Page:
Social intelligence, leadership and what Tavistock approaches can teach us

Daniel Goleman has written a thought-provoking article on social intelligence (see link below), which for me sparks this idea: collaborative leadership, of all leadership approaches, values and nurtures the “synergising and synergistic” skills of leaders. Ethics and practicality are brought together when an organisation recognises that it is a business need for leaders to tap fully and sustainably the resources at their disposal, and weave them together to produce meaningful results. If you want superficial results, you treat people as a means to an end; if you want lasting results, you treat them as ends in themselves. Machiavellian duplicity and manipulation will not achieve such a desired end-state, nor will silo’d, competitive and defensive working. On this model, collaborative leadership ceases to be a nice-to-have, and becomes a must-have. A great thinker on collaboration and practitioner, John Carlisle, one of the founders of the Civil Society Forum (a remarkable coalition of the questioning and the questing), once told me that change to be externally effective needs to come from within. I find that there is a golden thread running through Daniel Goleman’s work on emotional intelligence, and now “social intelligence”. To draw it out, one needs to see that a healthy, synergistic, collaborative society taps into a combination of independence, interdependence and dependence. This exists at a microcosmic level, and at a macrocosmic one. The world, in this sense, is its people, and each of their individual choices. The difference between “being fated” and “contributing to our own destiny” lies in good part in being aware of our relation to others and the whole, particularly of how we interact, evolve and adapt – or fail to do so. In common with many other people, under a pretty accommodating manner, I have a stubborn streak – a source of great strength, but also weakness, for stubbornness can shut off the senses, including common sense. Far from splitting good and bad in people, we should see how the combination works in them. “Playing to one’s strengths” is all the rage; but a bit of realism and humility would not come amiss in embracing -and indeed, celebrating- some of our weaknesses. This does not mean not being tough on lines being crossed, nor being clear about what is acceptable, and not acceptable. But seeing a person as a rounded, complex being, capable of reaching for the skies, as well as falling to the ground, is a good test of social intelligence. We love taking sides, and writing off others, as well as ultimately ourselves. One of the finer qualities we can develop is gratitude, and with it, generosity. Dr. Mannie Sher, Principal Social Scientist and Director of the Group Relations Programme at the Tavistock Institute of Human Relations (1), embodies this life-long commitment to inform his practice with a deep ethic. Mannie has recently published a remarkable compendium of his work, The Dynamics of Change: Tavistock Approaches to Improving Social Systems (2). Typical of Dr. Sher: a dry, business-like title masks a forensic insight into the way groups work, and his own warmth and generosity of spirit, which create the bonds of trust and confidence that make him a much respected and loved figure in his field. The Chief Executive Officer of the Tavistock Institute, Eliat Aram, last December held a touching and memorable event to mark his achievement. I learnt much from one of the Leicester Conferences (April 2010), partly thanks to Eliat and Mannie. Mannie summarised the effect of the Tavistock approach in a rich conversation we had on a train, during a break half-way through the Conference. I noted it at the time. One of Mannie’s observations, which I am sure he has shared with others, “Learning from the use of reflexive methods outlasts, and reaches further than formal didactic ones”. Responding to one of my concerns (about introducing what I thought relevant to my group discussions), Mannie said, “If you do not know how to introduce issues of the outside world into the here-and-now experience of your group, I would advise: just do it, even if at that moment, your thoughts about outside world issues (the Middle East, financial crisis, etc) do not seem connected. Just announce it, because your thought is your thought at the moment, and see where and how it is taken up by others and yourself in producing further thoughts, dreams, associations, or ignored – and if so, why?”As a Liberal Jew (3), I value freedom and responsibility, and do feel part of something bigger, some unseen, much of it invisible. I would like to think that my faith is one based on a deep appreciation of the past, a firm anchoring in the present and an enthusiastic aspiration for the future. I am the kind of liberal, with a small “l”, who considers that the problem nowadays is not with tradition, but with modernity. Rights have to be matched by responsibilities. For those who still use (or even remember) VHS tapes, the danger (Western) humanity faces is that in its zeal for the new, and its impatience to “have it all”, it is pressing so hard on the fast-forward button that the tape will soon hit the end, and fast-forward backwards. Trotskyite maximalism – escalating demands that cannot ever be met so that leaders are doomed to fail- is quite successfully eroding the capitalist system, without much nudging from the Trotskyites. I can understand why Stalin – his lust for power notwithstanding- got so infuriated with Trotsky, but equally how the two were two sides of the same coin.There are similar strands running through Judaism, pyschoanalysis and theoretical physics, particularly complexity science. One insight – call it Insight X- is that the world has never stood still: it is inherently dynamic, and fresh interactions produce new challenges and opportunities, often unforeseen. In my work, I never see strategy only as “planned” (here is a plan: now go off and implement it): it is also “emergent” (having a plan is just a start: more interesting is what we learn from its application, and critically, how we respond to what actually happens, review our plan and adapt). I am of the school: to be effective, you have a good strategy, but you need great execution. The trouble about the words “execution”, “implementation” and “delivery” is that they do not of themselves give any of the sense that doing is not “done to”, but “done with”. So it is easy to be carried away with the mistaken belief that a job has been done, regardless of its consequences and implications. Insight X also has implications for other debates. The debate about free will and determinism is somewhat contrived, and presents a needlessly binary, if not dichotomous, choice. The truth is that rather than just working with rules and laws in our lives, we observe and shape “patterns”, where the issue is less to do with what we can control, and cannot control, and more to do with how we appropriately respond. The test is the quality of response, and in this lies human freedom, and within that, a stillness, a sense of the eternal. When I act as a mentor, discussing job or career issues, one of the first set of questions I ask is, “What are the patterns in your life? What recurs that you particularly enjoy, you find you are good at? What are the challenges that come up again?” Any job or situation in life can be constructed as a step along a journey uniquely designed to explore our relationship to the wider scheme of things, where roles are implicit – victim, victor, rescuer, hero, etc- but when made explicit, give us greater purchase on our relationship to ourselves and others. This was unmistakably another gift of the Leicester Conference. What “social intelligence” now means to me since the Leicester Conference is deeply listening, and engaging at as many levels as possible with the other, particularly on what emerges through open and authentic interaction – in sum, what the art of conversation is all about, and which also lies at the heart of companionship. Conversation is not just words, but being present, whilst also mindful of a broader and deeper context. And t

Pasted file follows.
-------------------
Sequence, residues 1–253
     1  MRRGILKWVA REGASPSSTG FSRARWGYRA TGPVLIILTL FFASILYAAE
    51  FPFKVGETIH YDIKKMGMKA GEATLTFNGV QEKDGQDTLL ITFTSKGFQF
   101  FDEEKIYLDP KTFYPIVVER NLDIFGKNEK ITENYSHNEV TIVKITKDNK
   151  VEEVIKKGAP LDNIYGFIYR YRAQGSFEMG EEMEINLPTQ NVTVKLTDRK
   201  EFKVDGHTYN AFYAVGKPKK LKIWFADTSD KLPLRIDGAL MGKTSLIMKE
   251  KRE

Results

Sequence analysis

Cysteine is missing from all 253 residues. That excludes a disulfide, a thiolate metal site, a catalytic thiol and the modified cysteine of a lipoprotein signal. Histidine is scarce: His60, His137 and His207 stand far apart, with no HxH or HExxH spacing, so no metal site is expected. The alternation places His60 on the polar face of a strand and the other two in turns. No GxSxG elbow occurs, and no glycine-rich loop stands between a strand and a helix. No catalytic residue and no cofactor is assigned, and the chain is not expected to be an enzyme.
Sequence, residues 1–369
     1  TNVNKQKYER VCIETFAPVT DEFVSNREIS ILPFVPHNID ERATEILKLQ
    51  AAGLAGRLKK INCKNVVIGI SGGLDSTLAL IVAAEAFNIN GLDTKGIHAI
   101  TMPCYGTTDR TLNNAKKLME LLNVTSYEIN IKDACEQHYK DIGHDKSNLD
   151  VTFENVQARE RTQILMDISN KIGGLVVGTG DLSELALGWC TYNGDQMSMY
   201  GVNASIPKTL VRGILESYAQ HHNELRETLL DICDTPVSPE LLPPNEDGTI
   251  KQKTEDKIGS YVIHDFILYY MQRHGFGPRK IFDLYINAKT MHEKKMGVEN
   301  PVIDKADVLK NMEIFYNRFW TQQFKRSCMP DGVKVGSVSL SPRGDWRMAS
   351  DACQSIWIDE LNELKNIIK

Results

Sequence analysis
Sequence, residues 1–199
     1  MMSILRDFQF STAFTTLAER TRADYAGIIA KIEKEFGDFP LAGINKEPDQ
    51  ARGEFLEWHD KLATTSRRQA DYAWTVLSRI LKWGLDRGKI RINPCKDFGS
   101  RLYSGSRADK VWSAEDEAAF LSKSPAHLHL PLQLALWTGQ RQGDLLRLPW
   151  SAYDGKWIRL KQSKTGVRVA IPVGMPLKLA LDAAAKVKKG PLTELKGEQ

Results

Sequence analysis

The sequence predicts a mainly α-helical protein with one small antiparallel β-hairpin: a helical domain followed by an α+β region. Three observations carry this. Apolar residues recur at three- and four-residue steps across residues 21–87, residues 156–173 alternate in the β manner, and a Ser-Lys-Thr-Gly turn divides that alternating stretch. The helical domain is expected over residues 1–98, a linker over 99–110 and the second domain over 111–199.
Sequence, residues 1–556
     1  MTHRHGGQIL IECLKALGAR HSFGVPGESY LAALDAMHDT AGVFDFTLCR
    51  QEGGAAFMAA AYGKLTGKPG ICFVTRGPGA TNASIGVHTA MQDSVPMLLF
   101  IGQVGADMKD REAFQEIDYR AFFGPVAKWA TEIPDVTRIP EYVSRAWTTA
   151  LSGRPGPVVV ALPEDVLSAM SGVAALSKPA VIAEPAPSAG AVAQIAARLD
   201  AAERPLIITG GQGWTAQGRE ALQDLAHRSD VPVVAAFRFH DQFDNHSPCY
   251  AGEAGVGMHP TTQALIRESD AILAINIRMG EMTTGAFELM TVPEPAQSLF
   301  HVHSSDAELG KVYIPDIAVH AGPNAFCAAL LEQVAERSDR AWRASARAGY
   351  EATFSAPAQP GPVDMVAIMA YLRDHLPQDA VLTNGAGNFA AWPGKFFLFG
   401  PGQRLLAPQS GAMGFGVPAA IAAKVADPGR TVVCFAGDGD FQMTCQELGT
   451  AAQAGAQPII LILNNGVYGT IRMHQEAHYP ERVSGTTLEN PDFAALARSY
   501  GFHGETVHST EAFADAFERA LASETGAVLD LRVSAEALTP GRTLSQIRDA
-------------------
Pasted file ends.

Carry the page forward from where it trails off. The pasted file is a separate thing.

other is often the other in ourselves, split, waiting to be reunited, reformed and released again……….(1) I was Chair of Council, Tavistock Institute of Human Relations, between 2003 and 2007. (2) For more information about the Tavistock Institute, see or follow @T_I_H_R(3) For more information about Liberal Judaism, see or follow @LiberalJudaism

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One Response to Social intelligence, leadership and what Tavistock approaches can teach us

  1. mim pi says:

    great blogkeep up the good work